The tools and methods of the “armory practice” were quickly applied to industries beyond gun making.
- The Blanchard-style gunstock lathe was used to make shoe lasts.
- Screw machines and precision lathes were scaled down to make watch parts.
- Planers, screw-making lathes, and gear cutters were used to make sewing machine parts.
- Bicycle and automobile parts makers used all types of machine tools.
- Precision measuring devices were used to calibrate tools for all of these products.
New tools and manufacturing techniques made consumer products less expensive and more available to ordinary people.
Elements of Armory Practice
During the Civil War, machinists who had begun experimenting with consumer products returned to gun making.
After the war, many of them again began concentrating on peacetime products. Watches, sewing machines, agricultural equipment, and many household devices were made using tools and methods perfected in the armories:
- A model or “ideal” or “master” example used to standardize parts for a product
- Gauges made to fit the models, so that each part could be measured to make sure it would fit
- Fixtures used to mount work pieces in machine tools to increase accuracy
- New tools to automate processes whenever possible
- Finally… interchangeable parts that could be assembled easily, without careful filing and fitting.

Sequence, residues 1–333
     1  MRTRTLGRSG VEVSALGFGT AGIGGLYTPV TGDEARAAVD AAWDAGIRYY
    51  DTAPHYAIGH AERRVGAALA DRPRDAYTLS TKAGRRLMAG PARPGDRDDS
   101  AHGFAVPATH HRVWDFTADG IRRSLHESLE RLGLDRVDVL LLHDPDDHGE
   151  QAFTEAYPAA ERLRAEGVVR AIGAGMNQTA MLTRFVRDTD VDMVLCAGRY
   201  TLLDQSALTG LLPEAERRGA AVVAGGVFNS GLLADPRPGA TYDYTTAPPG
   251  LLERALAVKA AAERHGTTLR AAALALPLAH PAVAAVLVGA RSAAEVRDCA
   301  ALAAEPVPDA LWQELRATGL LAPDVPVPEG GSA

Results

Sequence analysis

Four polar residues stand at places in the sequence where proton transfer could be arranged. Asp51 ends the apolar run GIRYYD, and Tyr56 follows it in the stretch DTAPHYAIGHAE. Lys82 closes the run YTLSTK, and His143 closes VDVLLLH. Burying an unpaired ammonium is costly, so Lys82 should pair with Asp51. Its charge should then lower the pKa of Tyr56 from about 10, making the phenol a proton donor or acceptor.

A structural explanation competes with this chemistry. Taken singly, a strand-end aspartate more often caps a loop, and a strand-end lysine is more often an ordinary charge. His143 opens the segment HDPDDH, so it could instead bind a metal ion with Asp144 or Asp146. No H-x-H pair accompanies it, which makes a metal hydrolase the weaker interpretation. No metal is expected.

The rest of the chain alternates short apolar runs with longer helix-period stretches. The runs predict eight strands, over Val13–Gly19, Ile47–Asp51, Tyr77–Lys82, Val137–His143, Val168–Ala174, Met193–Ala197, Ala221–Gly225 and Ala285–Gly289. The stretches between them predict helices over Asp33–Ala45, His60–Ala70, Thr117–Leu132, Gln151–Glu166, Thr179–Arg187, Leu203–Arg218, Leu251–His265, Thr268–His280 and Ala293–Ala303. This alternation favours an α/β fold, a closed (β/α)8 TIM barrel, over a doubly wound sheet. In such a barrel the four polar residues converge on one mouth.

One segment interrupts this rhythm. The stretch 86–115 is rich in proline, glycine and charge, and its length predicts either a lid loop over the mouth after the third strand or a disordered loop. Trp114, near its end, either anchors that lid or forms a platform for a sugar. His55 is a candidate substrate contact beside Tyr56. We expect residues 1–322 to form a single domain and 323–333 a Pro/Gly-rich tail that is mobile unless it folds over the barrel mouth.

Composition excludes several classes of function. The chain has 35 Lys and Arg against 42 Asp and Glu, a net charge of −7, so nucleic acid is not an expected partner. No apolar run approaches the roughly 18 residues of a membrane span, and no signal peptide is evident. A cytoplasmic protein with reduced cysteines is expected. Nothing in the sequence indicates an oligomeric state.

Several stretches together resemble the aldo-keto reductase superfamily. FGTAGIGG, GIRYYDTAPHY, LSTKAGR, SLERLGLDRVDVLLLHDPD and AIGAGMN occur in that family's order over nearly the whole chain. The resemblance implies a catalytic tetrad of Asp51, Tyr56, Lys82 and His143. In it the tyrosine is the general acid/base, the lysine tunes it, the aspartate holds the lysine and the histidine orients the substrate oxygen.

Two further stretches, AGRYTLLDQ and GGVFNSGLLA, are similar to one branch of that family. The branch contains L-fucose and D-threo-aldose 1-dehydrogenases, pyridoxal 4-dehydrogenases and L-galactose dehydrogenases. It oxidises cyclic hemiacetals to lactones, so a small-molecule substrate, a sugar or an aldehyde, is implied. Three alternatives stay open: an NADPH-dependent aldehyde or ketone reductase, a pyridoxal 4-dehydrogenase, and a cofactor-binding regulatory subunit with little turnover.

Specialized machinery increases productivity, so that fewer people make more products more quickly. Once the machines have been developed and the processes are in place, quantity production lowers the cost of each individual unit.
Motorcars and Mass Production
The automobile was not invented in America. There were early experiments in France, Scotland, and Germany in the 1880s.
In the 1890s, in America, George Selden and the Duryea brothers independently developed gasoline-powered cars. The Stanley brothers produced their first “Stanley Steamer” in Maine in 1897. Colonel Pope of Columbia bicycles soon began to manufacture the “Columbia light gasoline car.”
Large-scale production of automobiles began in America in 1899, when Ransom E. Olds opened his Oldsmobile factory in Detroit. Henry Leland began the precision cutting of gears for Oldsmobile, but soon founded his own automobile company—Cadillac—in 1902.
Meanwhile, Henry Ford had developed his first self-propelled vehicle in 1896. After two unsuccessful attempts to start an auto company, Ford finally established a successful company in 1903.
“The greatest need today is a light, low-priced car with an up-to-date engine of ample horsepower, and built of the very best material. …It must be powerful enough for American roads and capable of carrying its passengers anywhere that a horse-drawn vehicle will go without the driver being afraid of ruining his car.” Henry Ford, 1906
Machine tools transferred skill from the hands of the worker to the mechanisms in the machine, but the source of that skill is still the human mind. While machine tools save physical labor and increase productivity, they also demand of us a higher level of education and technical understanding. What new problems do we now need to solve? Are there some that can be solved with new advances in machinery? What other kinds of technical advances may solve problems in the new century?